What is a Relapse?

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By Roger P. Watts, PhD, LADC, LSW

A “relapse” is a gradual return to behaviors and attitudes that eventually leads to picking up alcohol and drug use again after a period of sustained abstinence.

Now, that’s an abstract and somewhat fancy explanation of something that active alcoholics and addicts know altogether too well. Driven by hundreds of forms of relapse warning signs, triggers, and high-risk situations, many alcoholics and addicts can easily identify the things that cause them to use.

Perhaps you know the signs in the order they usually occur…

  • Difficulty handling daily tasks like thinking clearly or managing the people, places, things, and situations that demand our attention.
  • Denial comes back…a person starts lying to themselves about the need to attend to the signs of relapse with people, places, things, and situations.
  • People avoid engaging with life and people around them and they become defensive whenever anyone mentions that they may be in denial.
  • Some kind of crisis starts to build as the signs of relapse not addressed start to raise themselves up and cause problems.
  • People become frozen and start daydreaming or thinking something magical will come along and solve problems for them.
  • People become confused and overreact to problems which leads to anger and feelings that old ways of coping with unmanaged problems are not working.
  • Depression often sets in and people stop eating well or eat too much, sleep poorly or sleep too much, have a depressed mood and find nothing help.
  • There is a loss of control over behaviors and what they used to do to maintain recovery no longer works for them.
  • When people recognize they have lost control they get more depressed and start thinking about using alcohol or other drugs to cope.
  • Options are reduced as the person finds that nothing they try seems to work well to overcome the loneliness and frustration of not managing problems.
  • People usually start to experiment with controlling their use of alcohol or other drugs by making deals with themselves when it will be safe to use.
  • Shame and guilt often return as they are no longer able to function the way they want to function in life and are frequently embarrassed by their failure.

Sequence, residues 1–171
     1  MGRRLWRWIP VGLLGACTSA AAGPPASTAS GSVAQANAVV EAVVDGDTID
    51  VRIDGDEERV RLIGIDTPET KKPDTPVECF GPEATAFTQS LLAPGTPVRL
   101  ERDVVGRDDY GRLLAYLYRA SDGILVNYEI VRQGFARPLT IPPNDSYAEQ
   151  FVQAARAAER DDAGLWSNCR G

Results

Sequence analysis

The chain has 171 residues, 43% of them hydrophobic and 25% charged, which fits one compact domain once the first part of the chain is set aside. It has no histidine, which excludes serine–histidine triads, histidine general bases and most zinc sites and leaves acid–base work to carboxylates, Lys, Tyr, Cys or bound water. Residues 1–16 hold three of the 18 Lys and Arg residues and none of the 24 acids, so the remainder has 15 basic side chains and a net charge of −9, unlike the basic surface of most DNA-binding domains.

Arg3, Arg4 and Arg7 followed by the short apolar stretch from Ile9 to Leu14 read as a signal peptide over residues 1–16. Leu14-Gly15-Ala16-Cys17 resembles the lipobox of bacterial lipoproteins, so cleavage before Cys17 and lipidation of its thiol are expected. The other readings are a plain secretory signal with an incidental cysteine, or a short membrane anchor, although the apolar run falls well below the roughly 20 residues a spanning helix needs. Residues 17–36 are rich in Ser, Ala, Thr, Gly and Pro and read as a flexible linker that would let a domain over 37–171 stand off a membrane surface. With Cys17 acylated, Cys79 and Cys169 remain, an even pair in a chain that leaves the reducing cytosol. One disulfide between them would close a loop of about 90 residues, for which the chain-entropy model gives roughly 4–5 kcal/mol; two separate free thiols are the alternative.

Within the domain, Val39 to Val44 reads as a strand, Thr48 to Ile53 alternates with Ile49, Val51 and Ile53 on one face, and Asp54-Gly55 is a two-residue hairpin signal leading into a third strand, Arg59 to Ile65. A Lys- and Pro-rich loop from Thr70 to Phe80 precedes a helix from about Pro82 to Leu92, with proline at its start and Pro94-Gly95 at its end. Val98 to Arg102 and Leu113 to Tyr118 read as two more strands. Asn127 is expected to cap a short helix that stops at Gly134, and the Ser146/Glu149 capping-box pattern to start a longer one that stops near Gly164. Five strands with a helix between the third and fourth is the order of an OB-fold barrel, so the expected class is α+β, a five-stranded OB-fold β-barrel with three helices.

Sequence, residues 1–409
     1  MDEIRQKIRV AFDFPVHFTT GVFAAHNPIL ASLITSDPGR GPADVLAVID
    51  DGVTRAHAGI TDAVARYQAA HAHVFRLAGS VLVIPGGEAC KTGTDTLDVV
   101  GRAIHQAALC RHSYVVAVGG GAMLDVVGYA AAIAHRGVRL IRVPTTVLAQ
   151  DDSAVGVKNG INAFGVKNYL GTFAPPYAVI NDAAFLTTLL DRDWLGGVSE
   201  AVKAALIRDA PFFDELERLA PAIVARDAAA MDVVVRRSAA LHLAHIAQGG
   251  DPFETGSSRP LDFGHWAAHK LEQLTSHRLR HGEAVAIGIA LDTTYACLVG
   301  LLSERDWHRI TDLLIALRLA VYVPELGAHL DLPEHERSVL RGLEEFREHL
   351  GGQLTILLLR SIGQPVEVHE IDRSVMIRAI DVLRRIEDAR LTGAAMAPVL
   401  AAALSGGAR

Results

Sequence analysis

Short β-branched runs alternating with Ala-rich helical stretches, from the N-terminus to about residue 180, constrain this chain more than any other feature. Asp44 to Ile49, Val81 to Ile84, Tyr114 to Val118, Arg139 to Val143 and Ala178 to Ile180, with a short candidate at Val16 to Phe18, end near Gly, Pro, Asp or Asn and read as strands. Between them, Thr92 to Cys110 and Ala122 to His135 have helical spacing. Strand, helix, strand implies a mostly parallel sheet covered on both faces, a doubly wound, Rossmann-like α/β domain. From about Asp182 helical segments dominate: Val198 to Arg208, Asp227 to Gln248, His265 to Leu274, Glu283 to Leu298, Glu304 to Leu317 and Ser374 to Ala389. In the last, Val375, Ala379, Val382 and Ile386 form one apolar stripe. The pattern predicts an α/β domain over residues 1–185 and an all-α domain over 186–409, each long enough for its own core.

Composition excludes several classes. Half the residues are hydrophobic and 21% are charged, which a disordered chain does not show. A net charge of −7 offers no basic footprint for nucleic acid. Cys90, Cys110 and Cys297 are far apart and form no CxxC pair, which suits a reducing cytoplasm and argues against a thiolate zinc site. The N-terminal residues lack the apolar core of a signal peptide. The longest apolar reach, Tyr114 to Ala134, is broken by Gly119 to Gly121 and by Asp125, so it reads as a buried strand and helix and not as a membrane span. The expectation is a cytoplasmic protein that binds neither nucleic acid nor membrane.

• People lose control rather quickly and the life and health problems – unaddressed for so long – return with power to overwhelm.
  • People find themselves at a crossroads – either continue to use or again try abstinence – and the pressure to use mounts.
  • People return to full-blown addictive behaviors of using chemicals and engaging in dangerous behaviors that will only lead to more problems.

Perhaps this scenario is familiar to you. Perhaps you are right now in the depths of the process and dangerously close to the end of jails, institutional commitment, or death that are the only three outcomes for continued use by addicted people.

Or perhaps you are fighting back…resisting the temptation to remain in denial of the reality around you and committed to not picking up alcohol or other drugs that will lead to a full-blown relapse.

Whichever the case, counseling can help by working with you to map out a successful strategy to either stop using or return to a state of handling life on life’s terms. Like the 12 Step program says…all it takes is “Honesty, Open mindedness and Willingness” and you will be well on your way to maintaining recovery.

Roger P Watts - What is Relapse?

Dr. Roger P. Watts is a Licensed Alcohol and Drug Counselor who practices as a Chemical Dependency Counselor at The Recovery Academy in Saint Paul MN.

Dr. Watts received his Ph.D. in General Psychology from Capella University in Minneapolis with a specialization in addictions therapy. His dissertation was entitled “The Lived Experience of a Spiritual Transformation in the Everyday Lives of Alcoholic Men New to Recovery: A Phenomenological Study”. He is currently writing his first book entitled “101 Ways to Tell if Your Teen is Using Drugs” and working on development of a psychological simulation game for training corporate customer service employees.